Ransomware is one of the most damaging attacks that can hit a computer. It encrypts files, making them useless. To get them restored, you need to pay an extortion fee and if you do, you may or may not get your files back. You’re also likely to get hit again. Defending against it requires good security habits, software protection, and regular backups.
How ransomware works
Ransomware most often gets onto computers when people click unsafe links or attachments. Phishing emails can trick them into opening an attachment that installs the ransomware on their machine. It starts replacing files with encrypted versions of them. The victim does not have the decryption key, so there is no obvious way to get the files back.
After a while, a message appears on the target computer telling the victim that the files have been encrypted. It says that the only way to decrypt them is to send a cryptocurrency payment, such as Bitcoin, to the attacker. The amount may be small enough, perhaps a few hundred dollars, that paying up seems easier than having a professional fix the problem. Bitcoin is untraceable, so the criminal collects while staying anonymous.
The message often tries to make the victim commit to a quick decision. It may warn that more files will be encrypted or the fee will increase after a certain amount of time. The aim is to give the victim as little time as possible to consider alternatives.
The targets of ransomware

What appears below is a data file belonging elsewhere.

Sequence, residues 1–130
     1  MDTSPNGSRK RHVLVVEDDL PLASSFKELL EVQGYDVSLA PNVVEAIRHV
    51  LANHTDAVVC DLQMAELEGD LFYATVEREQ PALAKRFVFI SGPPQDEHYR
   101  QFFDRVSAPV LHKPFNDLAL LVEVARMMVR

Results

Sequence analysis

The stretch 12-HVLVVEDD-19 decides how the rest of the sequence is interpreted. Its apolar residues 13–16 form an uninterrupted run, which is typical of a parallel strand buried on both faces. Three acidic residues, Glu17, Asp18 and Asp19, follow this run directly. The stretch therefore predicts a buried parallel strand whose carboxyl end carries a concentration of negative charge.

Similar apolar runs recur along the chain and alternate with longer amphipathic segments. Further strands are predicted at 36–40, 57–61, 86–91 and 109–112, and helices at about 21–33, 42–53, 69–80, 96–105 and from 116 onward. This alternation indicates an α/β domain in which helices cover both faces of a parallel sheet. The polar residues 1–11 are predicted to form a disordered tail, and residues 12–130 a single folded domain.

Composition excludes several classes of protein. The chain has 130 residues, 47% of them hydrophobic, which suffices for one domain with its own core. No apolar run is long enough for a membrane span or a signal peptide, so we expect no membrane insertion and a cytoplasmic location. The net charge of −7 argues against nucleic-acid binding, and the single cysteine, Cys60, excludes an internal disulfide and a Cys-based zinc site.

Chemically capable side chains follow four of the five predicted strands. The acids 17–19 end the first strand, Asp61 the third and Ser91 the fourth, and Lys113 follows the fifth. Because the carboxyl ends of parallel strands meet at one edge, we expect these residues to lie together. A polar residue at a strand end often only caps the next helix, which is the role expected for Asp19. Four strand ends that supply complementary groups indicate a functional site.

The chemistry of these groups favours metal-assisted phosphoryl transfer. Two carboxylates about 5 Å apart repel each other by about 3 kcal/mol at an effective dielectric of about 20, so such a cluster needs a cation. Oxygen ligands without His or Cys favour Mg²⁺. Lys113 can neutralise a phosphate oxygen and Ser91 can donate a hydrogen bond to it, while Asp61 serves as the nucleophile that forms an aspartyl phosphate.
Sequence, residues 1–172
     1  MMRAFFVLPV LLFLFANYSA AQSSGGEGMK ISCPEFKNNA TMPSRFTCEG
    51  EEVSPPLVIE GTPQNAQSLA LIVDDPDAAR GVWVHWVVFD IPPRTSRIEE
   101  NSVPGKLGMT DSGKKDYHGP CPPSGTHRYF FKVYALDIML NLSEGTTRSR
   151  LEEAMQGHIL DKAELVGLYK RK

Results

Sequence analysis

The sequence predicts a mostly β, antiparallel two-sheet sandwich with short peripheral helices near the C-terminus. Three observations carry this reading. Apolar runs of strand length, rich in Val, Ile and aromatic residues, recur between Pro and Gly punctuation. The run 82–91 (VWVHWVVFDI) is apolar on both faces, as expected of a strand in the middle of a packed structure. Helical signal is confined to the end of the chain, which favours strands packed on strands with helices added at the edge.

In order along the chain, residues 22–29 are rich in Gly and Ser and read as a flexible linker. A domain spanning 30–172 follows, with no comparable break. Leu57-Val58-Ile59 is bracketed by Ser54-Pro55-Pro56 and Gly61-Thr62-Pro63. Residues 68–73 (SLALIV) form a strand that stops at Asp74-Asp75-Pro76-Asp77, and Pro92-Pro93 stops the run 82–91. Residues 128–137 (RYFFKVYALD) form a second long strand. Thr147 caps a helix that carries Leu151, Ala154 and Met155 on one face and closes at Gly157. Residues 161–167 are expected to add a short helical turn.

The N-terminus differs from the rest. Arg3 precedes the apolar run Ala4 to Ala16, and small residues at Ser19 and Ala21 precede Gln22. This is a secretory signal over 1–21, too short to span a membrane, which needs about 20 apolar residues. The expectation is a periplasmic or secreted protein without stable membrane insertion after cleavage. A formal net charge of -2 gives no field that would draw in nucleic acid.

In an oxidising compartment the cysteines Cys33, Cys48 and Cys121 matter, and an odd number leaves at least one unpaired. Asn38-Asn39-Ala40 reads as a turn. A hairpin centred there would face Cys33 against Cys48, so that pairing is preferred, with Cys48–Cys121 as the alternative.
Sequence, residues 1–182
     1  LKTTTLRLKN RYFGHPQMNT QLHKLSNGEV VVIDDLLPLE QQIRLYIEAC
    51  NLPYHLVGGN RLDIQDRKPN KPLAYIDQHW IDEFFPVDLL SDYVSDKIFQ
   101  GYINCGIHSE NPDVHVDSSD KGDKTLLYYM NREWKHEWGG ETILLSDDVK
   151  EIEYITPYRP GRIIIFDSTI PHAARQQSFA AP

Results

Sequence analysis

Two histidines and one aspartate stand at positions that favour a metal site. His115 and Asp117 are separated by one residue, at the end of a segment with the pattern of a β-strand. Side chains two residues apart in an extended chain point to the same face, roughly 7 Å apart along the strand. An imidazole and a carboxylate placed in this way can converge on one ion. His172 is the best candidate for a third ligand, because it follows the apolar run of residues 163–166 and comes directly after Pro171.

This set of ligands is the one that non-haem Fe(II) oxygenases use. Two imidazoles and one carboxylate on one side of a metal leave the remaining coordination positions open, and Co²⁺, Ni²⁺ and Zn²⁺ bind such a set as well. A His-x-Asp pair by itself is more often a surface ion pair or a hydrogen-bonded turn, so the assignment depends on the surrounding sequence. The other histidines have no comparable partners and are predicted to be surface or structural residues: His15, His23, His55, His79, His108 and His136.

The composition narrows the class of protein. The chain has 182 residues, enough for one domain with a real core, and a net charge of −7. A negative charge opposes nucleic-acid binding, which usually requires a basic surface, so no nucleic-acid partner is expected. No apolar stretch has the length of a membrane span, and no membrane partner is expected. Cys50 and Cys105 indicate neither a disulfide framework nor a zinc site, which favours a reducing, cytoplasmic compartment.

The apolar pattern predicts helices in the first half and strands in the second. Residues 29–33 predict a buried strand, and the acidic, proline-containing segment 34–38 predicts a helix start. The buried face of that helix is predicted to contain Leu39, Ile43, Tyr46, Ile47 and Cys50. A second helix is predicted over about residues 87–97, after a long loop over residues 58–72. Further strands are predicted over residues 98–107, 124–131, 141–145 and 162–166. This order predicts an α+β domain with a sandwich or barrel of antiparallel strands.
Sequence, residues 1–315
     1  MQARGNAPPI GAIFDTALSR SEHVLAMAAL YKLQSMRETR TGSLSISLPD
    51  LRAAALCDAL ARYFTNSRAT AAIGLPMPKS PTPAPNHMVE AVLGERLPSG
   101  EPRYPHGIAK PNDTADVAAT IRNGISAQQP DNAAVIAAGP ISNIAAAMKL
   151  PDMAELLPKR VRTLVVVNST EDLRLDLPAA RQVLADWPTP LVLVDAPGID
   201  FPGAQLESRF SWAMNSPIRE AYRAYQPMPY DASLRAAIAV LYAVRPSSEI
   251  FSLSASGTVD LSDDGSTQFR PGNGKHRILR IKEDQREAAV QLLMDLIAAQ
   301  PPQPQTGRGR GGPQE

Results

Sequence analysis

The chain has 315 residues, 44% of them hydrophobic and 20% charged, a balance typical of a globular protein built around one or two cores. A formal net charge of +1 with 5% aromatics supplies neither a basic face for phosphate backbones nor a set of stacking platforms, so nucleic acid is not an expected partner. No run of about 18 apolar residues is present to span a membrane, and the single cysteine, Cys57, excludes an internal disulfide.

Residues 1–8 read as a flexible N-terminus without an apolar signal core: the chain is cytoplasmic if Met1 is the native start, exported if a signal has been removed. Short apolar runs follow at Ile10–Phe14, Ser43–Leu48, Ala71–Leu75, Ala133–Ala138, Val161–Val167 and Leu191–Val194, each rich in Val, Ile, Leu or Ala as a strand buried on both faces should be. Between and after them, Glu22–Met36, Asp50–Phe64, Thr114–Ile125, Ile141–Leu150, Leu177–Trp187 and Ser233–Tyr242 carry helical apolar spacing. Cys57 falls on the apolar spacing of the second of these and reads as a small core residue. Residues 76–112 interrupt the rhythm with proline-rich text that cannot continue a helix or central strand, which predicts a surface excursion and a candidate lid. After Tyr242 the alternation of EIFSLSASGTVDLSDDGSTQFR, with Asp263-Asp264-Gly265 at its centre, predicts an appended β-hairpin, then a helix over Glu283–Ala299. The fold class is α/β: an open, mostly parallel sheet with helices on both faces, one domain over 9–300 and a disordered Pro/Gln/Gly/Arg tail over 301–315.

Attacks aimed at lucrative targets, and businesses in particular, have increased and the criminal groups behind them may be working with nation-states. Here in the U.S., the city of Riviera Beach, Florida and Baltimore have all fallen victim to ransomware attacks.
The combination of spearphishing (personally crafted and targeted messages) with ransomware makes executives and other high-profile individuals a growing target base. The attackers know exactly who they’re after and use personal information to make their messages appear plausible. Most ransomware hits small businesses and personal systems, which are often easy targets and willing to pay, but the overall trend is toward hand-picked targets that can pay large amounts.
What to do
If ransomware hits your files, you have to decide whether to give in or take other actions. If you have an up-to-date backup, the choice is easy: you rest easy, remove the malware from your computer, and restore the files. If you do not have a backup, your options are to either pay the criminals or not pay them and engage law enforcement and see if they release the files anyway. There is no guarantee in either scenario that the files will be released and, at best, the malware remains on the computer and could strike again. Some kinds of ransomware aren’t that sophisticated and computer recovery experts may be able to recover the affected files without giving in to extortion.
The best defense is a multilayered approach:
- Back-up all files regularly. A backup is the best protection against ransomware and other kinds of catastrophic loss.
- Be careful with email. If a message looks wrong, do not click on any links in it or open its attachments.
- Keep your network secured, with a firewall, strong encryption and anti-virus software.
- Regularly patch all software, so that it doesn’t have exploitable security holes.
The BLACKCLOAK team has the expertise it takes to protect you from ransomware and other security threats. We’re here and ready to provide you with the advice and guidance you need.< Back